OpenJurist

353 F2d 624 Hernandez v. United States

353 F.2d 624

Manuel L. HERNANDEZ, Appellant,
v.
UNITED STATES of America, Appellee.

No. 19654.

United States Court of Appeals Ninth Circuit.

Oct. 29, 1965, Rehearing Denied Jan. 18, 1966.

Ronald S. Rosen, Hollywood, Cal., for appellant.

Manuel L. Real, U.S. Atty., Shelby Gott, Asst. U.S. Atty., Los Angeles, Cal., for appellee.

Before POPE, MERRILL, and BROWNING, Circuit Judges.

BROWNING, Circuit Judge.

1

Appellant was convicted of transporting and concealing 114 pounds of marihuana on April 5, 1964, in Los Angeles County, California, in violation of 21 U.S.C.A. 176a. He asserts that his conviction was based upon evidence (the 114 pounds of marihuana) secured through an unconstitutional search and seizure of two suitcases and a briefcase at the Los Angeles International Airport.

2

Los Angeles police had observed a recurring pattern in incidents involving the illicit transportation of marihuana. Large lots of marihuana were being brought to Los Angeles from Mexico by automobile, then carried from Los Angeles to New York City in the luggage of persons traveling on commercial air flights. The couriers were Latin-Americans. They traveled first class on nonstop flights. They did not make advance reservations. Their luggage was new and expensive, usually bore the brand name 'Ventura,' and had combination locks. Their bags were exceedingly heavy because of the weight of the marihuana. They paid their fares and weight overcharges in cash with bills of large denomination. Eight such cases had been investigated in the two years preceding appellant's apprehension. Sergeant Butler, who searched appellant's bags, had participated personally in four such investigation during the preceding year-- one, a week prior to the search of appellant's bags.

3

Airport employees were asked to notify the police immediately if a person fitting the described pattern appeared. At about 8:30 p.m. on April 5, 1964, a ticket agent at the Los Angeles airport called the airport police substation. Sergeant Butler responded. The ticket agent told him that a person later identifield as appellant had purchased a firstclass ticket on a 10:50 p.m. nonstop flight to New York, that he had no advance reservation, that his two bags weighed 155 pounds (115 pounds in excess of the 40 pounds which could be carried without additional charge), and that he had paid for his fare and overweight charges with one hundred-dollar bills.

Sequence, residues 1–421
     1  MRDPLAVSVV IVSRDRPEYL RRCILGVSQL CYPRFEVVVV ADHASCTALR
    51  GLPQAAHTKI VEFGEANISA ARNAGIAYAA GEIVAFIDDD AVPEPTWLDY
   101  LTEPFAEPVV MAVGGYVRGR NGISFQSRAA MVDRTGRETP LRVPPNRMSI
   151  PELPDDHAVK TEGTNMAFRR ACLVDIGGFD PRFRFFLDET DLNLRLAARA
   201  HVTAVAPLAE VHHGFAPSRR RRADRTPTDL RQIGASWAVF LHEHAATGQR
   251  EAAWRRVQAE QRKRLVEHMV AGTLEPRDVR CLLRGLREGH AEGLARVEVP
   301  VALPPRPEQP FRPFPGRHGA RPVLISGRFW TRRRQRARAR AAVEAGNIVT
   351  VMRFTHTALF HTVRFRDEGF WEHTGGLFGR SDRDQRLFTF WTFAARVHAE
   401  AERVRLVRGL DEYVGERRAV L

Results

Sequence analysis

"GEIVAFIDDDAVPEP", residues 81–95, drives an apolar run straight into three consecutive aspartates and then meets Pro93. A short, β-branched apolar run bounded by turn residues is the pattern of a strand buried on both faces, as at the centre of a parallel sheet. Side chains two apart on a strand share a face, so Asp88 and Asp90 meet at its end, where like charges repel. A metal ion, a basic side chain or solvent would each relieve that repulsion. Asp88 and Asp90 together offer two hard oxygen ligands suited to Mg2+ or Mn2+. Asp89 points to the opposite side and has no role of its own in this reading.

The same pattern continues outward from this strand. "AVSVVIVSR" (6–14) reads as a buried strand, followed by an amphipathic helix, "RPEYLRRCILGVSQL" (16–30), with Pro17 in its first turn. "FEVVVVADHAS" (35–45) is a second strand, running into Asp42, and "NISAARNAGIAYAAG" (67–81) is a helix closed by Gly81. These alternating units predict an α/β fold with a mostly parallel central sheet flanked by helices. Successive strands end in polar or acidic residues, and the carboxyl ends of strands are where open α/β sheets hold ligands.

4

Sergeant Butler went to the storage area in the airport terminal building where appellant's bags had been sent to await loading. The bags were new 'Ventura' bags with combination locks. Sergeant Butler lifted them to feel their weight. He pressed their sides together, forcing air from the interior. Smelling the escaping air, he detected odor of marihuana and called the police department's narcotics division. Two officers responded. They too lifted the bags, squeezed them, and smelled the escaping air. They and Sergeant Butler then located appellant upstairs in a public bar in the terminal building and arrested him. The bags were opened after appellant's arrest.

5

The government argues that the bags were not searched until they were opened. We cannot agree. The manipulation of appellant's bags by Sergeant Butler prior to appellant's arrest constituted a 'search' within the meaning of the Fourth Amendment. The contents of the bags were not exposed to Sergeant Butler's sight or smell before the bags were squeezed. He detected the odor of marihuana as the result of an 'exploratory investigation,' an 'invasion or quest,' a 'prying into hidden places for that which was concealed'-- conduct which has been repeatedly said to characterize a 'search.' 38 Words & Phrases 401-02 (Perm. 2d), 123-26 (1965 P.P.) Technical trespass is not required. Silverman v. United States, 365 U.S. 505, 511, 81 S.Ct. 679, 5 L.Ed.2d 734 (1961). See also Regalado v. California, 374 U.S. 497, 83 S.Ct. 1875, 10 L.Ed.2d 1044 (1963); McDonald v. United States, 335 U.S. 451, 454 (1948) But even if it were, it occurred here. 'A trespass to a chattel may be committed by intentionally * * * using or intermeddling with a chattel in the possession of another.' Restatement 2d, Torts 217 (1964). See also Prosser, Law of Torts 76 (3d ed. 1965).